Whereas the Bulls can find a way to stay competitive in the Eastern Conference without Anthony, could anybody in town imagine the Blackhawks without Patrick Kane and Jonathan Toews? Now, nobody has to after the Hawks signed both stars to identical eight-year, $84 million contract extensions that carry $10.5 million salary-cap hits beginning in 2015-16.
Consider the $168 million the Hawks committed to Kane and Toews a down payment on a dynasty. The question now shifts to how close the Kane-Toews era will come to producing the six championships Michael Jordan and Scottie Pippen won for the Bulls in the '90s. Nobody seriously questioned either player would leave after next season but, to the delight of Hawks fans, general manager Stan Bowman removed any doubt by fulfilling his pledge to make Kane and Toews Hawks for life. Bowman never will make a smarter move.
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The deals run so long nobody can be sure Kane will have enough hair to grow a playoff mullet by the time they expire. By 2023, Toews might even learn to smile without being coaxed. How fortunate for Chicagoans that they get to see Nos. 88 and 19 grow older together, as it should be.
Think of the salary-cap casualties to come as a result of Kane and Toews occupying $21 million annually on the payroll as collateral damage, the price for the privilege of employing two of the world's greatest hockey players. The new salaries don't kick in until 2015-16, which frames next season as a go-for-broke proposition before Bowman inevitably starts dismantling an expensive core.
The Hawks insisted on restricting their comments to a sanitized press release, not that any team official can add anything we don't already know about Chicago's most dynamic duo since Jordan and Pippen. It's like trying to find new ways to describe the city's skyline; everybody who lives here already realizes how lucky we are to appreciate it on a regular basis.
In Chicago, Kane and Toews roll off the tongue like State and Madison, representing the epicenter of a hockey town's rebirth, circa 2007, when both were fresh-faced rookies who looked like they left their youth travel teams and joined the Hawks. Look at them now, superstars already with two silver chalices but no taint to their reputations and symbols of all that is right about professional sports.
Had Kane and Toews made this merely about money as so many athletes do, they could have played out the final years of their deals, teased fans and tempted their respective hometowns to break the bank next summer. Perhaps Buffalo and Winnipeg would have been willing to pay Kane and Toews, respectively, even more than the $12 million-per-year both requested when negotiations started. They understood the symbiosis of a relationship with the Hawks and settled for a deal that paid each $26 million less than the NHL’s “max contract.”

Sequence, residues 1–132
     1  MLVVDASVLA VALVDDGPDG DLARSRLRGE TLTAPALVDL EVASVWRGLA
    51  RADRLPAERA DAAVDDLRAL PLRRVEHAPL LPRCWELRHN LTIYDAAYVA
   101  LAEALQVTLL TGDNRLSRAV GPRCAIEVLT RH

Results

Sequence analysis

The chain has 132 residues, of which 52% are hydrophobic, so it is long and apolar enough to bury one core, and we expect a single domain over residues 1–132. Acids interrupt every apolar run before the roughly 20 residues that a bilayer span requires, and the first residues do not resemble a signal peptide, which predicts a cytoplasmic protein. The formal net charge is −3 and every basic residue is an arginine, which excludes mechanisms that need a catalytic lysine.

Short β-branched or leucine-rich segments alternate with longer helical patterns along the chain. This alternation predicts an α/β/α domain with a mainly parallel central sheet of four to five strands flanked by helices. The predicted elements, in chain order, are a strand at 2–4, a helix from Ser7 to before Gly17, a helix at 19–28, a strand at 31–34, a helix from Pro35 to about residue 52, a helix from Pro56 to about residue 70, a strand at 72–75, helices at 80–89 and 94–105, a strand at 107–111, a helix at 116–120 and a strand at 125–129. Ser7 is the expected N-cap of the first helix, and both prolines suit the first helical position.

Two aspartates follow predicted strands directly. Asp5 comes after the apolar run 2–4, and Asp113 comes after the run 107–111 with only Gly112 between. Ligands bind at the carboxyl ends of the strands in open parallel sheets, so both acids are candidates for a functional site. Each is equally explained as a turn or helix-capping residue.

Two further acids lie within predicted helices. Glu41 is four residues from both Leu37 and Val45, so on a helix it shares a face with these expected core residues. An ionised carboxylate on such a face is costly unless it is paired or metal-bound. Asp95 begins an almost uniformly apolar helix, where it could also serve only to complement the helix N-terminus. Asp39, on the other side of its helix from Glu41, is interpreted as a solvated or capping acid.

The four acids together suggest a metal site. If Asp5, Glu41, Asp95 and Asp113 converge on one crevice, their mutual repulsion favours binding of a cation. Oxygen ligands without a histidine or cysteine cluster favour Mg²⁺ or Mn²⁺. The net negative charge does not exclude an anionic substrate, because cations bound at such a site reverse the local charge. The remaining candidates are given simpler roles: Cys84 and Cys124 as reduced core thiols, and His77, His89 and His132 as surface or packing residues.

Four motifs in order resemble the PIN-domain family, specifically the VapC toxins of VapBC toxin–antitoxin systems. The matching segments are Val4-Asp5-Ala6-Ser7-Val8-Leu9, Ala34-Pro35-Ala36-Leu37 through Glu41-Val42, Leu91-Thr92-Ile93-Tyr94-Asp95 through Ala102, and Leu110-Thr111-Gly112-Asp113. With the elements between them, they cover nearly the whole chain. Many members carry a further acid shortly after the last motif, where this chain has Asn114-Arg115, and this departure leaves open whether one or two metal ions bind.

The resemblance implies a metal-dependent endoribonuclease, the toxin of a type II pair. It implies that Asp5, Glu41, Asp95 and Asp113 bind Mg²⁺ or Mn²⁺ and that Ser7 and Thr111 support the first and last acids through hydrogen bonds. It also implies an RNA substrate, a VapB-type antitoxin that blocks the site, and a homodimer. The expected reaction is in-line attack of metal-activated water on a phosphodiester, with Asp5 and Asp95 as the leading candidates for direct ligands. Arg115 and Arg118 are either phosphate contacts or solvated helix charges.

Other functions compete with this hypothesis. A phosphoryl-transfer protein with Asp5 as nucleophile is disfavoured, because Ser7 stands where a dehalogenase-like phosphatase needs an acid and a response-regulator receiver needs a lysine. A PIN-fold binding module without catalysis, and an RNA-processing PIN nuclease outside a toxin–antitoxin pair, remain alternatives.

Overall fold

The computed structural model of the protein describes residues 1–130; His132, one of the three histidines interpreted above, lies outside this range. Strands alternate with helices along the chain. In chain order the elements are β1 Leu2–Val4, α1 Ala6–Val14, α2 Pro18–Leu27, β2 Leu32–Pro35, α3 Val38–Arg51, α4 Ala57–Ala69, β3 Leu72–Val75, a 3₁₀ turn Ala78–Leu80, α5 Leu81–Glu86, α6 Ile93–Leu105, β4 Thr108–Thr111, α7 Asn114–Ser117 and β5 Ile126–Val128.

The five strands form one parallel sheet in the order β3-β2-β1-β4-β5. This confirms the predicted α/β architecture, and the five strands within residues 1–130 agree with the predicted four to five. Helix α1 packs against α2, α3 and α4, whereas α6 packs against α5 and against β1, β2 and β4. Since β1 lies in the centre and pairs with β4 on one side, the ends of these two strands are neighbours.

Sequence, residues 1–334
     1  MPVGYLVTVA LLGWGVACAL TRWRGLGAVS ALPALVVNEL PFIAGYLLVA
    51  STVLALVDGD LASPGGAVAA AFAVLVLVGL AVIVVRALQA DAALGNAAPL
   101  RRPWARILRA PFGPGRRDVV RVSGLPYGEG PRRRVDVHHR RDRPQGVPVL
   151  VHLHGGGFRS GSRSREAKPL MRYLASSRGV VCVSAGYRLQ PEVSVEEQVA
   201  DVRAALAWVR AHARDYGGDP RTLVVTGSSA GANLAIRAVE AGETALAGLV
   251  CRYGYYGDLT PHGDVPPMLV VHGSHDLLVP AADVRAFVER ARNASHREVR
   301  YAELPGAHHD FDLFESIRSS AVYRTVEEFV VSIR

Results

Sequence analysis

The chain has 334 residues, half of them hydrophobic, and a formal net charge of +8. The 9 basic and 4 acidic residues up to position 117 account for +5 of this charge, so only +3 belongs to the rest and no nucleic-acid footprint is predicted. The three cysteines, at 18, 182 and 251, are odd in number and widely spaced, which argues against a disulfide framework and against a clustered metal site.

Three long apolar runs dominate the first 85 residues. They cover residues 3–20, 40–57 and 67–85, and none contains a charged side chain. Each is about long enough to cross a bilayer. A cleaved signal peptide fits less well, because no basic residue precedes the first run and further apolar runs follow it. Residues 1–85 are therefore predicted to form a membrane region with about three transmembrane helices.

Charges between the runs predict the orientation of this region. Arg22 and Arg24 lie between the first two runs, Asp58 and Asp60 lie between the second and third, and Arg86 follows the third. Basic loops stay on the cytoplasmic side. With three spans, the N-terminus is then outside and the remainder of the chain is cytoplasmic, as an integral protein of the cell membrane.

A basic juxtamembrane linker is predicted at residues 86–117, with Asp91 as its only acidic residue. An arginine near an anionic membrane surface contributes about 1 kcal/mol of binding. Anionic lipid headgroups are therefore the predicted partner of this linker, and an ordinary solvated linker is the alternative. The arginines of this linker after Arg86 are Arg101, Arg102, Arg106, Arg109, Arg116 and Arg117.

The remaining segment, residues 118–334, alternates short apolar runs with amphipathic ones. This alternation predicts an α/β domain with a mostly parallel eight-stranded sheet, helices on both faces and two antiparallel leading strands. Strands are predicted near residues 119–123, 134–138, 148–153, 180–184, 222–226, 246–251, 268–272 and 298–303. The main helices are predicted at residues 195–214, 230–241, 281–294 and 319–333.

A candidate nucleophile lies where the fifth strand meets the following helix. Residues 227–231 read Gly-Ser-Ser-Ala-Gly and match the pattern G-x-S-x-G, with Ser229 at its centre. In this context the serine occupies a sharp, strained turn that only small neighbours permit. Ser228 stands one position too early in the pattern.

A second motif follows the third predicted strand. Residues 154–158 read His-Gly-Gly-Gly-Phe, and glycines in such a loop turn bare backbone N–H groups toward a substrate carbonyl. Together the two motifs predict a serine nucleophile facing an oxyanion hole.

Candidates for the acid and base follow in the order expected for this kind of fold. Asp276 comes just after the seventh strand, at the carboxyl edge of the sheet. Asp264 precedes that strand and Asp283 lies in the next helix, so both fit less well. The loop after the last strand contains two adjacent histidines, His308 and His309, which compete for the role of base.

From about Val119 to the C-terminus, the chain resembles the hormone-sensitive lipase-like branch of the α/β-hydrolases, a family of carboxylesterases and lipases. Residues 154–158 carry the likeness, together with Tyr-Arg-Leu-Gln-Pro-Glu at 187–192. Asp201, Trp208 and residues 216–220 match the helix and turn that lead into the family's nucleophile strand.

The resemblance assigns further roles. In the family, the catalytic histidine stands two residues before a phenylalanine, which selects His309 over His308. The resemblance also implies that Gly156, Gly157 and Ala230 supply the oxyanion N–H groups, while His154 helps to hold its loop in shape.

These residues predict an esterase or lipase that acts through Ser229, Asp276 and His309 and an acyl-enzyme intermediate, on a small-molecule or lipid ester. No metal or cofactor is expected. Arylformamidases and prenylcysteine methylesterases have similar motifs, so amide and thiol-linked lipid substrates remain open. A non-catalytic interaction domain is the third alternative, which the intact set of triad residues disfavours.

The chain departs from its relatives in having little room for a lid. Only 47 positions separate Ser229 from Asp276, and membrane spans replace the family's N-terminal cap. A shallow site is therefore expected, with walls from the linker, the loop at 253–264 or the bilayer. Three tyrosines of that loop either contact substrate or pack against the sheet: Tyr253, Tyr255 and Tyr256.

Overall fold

Kane and Toews will carry the largest salary-cap hits in league history, yet nobody who understands the Hawks narrative scoffs — not when they are largely responsible for selling out 277 straight nights at the United Center. They did not restore dignity to the organization alone, but their maturation as world-class hockey players and first-class individuals coincided nicely with the evolution of the front office from primitive to pragmatic under Chairman Rocky Wirtz.
As the reach of Kane and Toews expanded, admirably, their egos did not. Kane and Toews are as good with people as they are with the puck, treating fans as friends and serving a community that adores the Hawks. Of most importance for coach Joel Quenneville, each star embraces roles that accentuate his strengths.
Kane is the affable magician of a stick-handler who scores clutch goals from odd angles in big games, and Toews is the serious, demanding captain with the laser focus who expects as much from himself as he does from teammates — and usually gets it. You never hear about Kane or Toews griping over who gets or deserves credit or attention, no blather about whose team this is or isn't.
They care only about winning. They kid and cajole, behaving like brothers who genuinely like each other more than millionaire rivals worried about the other's celebrity eclipsing his. In the often petty world of pro sports, we occasionally take for granted how healthy the Kane-Toews relationship is.
The latest proof of how grounded they remain, despite their stardom, came when they signed the exact same deals for the exact same money. The ideal contracts would have been eight years for $88,000,019 apiece. But nobody's complaining about these terms. More like celebrating.
It isn't every day your favorite team makes a move that guarantees relevance into the next decade.